Mr. ORDOVER: Because what's sexual is inappropriate nudity or risque nudity. You get no sense of inappropriateness for being dressed the same way as everybody else in the place. Also, my wife found that for the first time in her life men were actually talking to her eyes instead of to her chest and she found that a tremendously refreshing change.

MACSAI: While everyone admits to sneaking a peek now and then, they also agree that naked bodies get real boring real fast, especially the ones with a lot of mileage on them, which on this night were out in force. Besides, everyone knows the unspoken golden rule.

Unidentified Man #2: It's OK to look but don't stare.

MACSAI: Then, of course, there is the fear that everyone in the room will look better than you, and trust me, ladies and gentlemen, I am here to tell you that nothing could be farther from the truth. In fact, after my own nude dining experience, I would have to say that contrary to popular belief there is really nothing beautiful about the human body.

How long does it take before you stop sucking in your gut?

Unidentified Man #3: Ah, well, I've never--I'll tell you the truth. There aren't that many body beautifuls. You know, I--you really don't feel self-conscious, you know?

MACSAI: Now let's talk logistics. First, sanitation. Each patron has to bring a towel to sit on. Second, temperature. Ordover always brings space heaters if it's cold, and, of course, there's air conditioning in warmer weather. Third, other problems that you fear might arise? It rarely ever happens. Why? Because it really is not a sexual environment. Really, really.

(Soundbite of restaurant activity)

MACSAI: As people arrive at the restaurants, they can disrobe in the dining room or the restroom. Most choose the restroom. Being naked in a roomful of naked people is not nearly as uncomfortable as dressing and undressing is. Once naked, however, everyone agreed that when the clothes go out the window, so do the pretenses.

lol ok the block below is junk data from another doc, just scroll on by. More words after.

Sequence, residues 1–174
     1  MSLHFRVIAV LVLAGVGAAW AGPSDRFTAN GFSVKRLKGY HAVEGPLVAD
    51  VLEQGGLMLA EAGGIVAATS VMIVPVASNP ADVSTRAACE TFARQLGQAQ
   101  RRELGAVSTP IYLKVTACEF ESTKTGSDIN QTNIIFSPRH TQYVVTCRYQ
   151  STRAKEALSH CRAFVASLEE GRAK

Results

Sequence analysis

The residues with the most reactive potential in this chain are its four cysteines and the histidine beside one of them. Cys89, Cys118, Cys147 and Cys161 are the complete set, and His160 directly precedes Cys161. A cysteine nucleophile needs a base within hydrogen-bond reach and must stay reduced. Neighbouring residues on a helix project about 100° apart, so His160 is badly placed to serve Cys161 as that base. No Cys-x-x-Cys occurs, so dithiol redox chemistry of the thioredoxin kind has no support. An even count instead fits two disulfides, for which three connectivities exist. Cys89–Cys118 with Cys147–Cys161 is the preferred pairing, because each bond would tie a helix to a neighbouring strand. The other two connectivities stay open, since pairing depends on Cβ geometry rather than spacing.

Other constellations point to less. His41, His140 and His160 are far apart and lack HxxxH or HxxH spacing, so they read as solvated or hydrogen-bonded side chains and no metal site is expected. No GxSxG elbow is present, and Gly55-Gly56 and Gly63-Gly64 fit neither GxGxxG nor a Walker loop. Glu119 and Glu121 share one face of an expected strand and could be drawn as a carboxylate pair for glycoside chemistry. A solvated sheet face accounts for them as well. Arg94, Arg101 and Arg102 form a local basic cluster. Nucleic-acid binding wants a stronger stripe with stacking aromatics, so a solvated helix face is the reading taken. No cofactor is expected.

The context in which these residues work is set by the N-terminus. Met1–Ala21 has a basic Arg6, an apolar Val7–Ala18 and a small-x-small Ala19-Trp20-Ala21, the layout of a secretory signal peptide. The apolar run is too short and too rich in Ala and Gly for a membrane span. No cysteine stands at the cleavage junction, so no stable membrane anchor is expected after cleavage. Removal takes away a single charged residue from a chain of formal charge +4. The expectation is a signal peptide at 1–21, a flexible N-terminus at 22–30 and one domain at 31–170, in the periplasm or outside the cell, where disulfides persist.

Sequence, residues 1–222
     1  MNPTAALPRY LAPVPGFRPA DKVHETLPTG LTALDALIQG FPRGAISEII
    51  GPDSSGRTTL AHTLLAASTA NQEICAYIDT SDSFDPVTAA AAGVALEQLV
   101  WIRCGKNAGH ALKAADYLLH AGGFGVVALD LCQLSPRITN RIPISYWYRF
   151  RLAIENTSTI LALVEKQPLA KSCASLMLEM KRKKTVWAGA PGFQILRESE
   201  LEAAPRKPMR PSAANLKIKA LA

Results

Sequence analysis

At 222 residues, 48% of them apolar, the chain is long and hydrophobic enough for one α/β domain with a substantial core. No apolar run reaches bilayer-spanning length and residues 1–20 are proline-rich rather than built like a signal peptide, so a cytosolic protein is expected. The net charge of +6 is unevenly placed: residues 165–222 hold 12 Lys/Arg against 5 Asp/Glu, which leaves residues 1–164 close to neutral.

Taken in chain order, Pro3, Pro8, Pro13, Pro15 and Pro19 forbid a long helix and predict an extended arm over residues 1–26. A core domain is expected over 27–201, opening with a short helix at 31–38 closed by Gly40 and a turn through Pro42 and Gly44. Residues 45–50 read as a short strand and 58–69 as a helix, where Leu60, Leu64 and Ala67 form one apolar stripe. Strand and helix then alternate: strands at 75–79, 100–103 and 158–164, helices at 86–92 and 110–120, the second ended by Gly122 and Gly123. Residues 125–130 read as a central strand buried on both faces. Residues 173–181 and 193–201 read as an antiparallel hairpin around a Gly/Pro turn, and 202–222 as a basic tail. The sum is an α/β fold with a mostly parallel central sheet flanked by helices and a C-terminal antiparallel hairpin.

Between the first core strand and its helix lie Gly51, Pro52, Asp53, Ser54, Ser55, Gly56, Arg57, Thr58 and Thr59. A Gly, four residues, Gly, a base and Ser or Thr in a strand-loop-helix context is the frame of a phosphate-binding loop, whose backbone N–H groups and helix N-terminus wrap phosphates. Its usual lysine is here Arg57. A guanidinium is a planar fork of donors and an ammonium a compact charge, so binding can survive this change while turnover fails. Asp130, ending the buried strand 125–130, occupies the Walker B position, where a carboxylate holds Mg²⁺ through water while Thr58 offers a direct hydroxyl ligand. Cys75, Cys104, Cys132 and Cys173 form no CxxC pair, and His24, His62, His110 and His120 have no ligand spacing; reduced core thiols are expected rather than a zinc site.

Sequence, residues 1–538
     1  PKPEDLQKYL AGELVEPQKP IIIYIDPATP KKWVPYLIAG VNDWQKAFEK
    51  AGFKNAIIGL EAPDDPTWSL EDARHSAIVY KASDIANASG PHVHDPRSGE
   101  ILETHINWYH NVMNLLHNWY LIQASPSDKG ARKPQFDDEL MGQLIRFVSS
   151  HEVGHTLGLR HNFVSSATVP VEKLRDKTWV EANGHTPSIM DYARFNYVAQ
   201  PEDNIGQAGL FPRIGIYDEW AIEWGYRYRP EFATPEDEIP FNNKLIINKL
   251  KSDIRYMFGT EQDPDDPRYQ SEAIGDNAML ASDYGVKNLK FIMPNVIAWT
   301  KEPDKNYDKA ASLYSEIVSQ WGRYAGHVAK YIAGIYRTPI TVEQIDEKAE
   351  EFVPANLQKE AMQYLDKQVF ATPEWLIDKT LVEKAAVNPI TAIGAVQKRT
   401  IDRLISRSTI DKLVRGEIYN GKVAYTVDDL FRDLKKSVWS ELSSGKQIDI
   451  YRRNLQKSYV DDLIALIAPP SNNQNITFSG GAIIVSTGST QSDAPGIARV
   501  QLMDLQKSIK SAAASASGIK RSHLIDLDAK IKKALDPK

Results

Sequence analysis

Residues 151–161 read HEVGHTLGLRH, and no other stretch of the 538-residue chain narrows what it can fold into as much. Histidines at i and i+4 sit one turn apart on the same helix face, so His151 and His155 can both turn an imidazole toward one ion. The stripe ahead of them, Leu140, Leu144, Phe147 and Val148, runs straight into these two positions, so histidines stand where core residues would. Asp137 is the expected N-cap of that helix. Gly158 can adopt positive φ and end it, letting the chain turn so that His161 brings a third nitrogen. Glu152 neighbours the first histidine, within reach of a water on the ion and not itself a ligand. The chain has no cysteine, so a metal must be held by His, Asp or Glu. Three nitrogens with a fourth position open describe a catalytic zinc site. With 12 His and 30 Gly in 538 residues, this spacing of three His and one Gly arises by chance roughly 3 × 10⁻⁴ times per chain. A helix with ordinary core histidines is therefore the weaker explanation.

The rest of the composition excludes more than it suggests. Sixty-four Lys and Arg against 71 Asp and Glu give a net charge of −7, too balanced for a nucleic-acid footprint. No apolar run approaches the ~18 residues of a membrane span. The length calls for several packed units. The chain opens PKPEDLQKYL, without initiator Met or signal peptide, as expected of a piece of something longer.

Unidentified Man #4: It may just be a coincidence, but it seems that when people are in the nude, a lot of facades are dropped, and personalities come out and you make fast friends in a matter of moments.

MACSAI: Now to the terminology. People who prefer not to wear clothes refer to themselves as nudists or naturists. According to founder John Ordover, the nudists basically just like to be naked while the naturists equate nudity with being outdoors.

Mr. ORDOVER: Now people say, `Well, what do you do when it's cold?' Well, when it's cold, we put on clothes. The phrase is we're nudists, not idiots. One of the nudist phrases is clothes when necessary; nude when practical.

MACSAI: Of course, for the clothes-minded, as nudists like to call them, this might be a hard concept to grasp.

Mr. ORDOVER: Pretty much everyone who goes to a nudist resort goes to it so that they will be permitted not to wear clothes. And what I really like most about it is that it's like living the life of a pet. Get up. You do not have to get dressed. Get in the shower and walk right out the front door.

MACSAI: Naked, free, unfettered, except even a pet doesn't go anywhere without a fur coat.

I'm Gwen Macsai.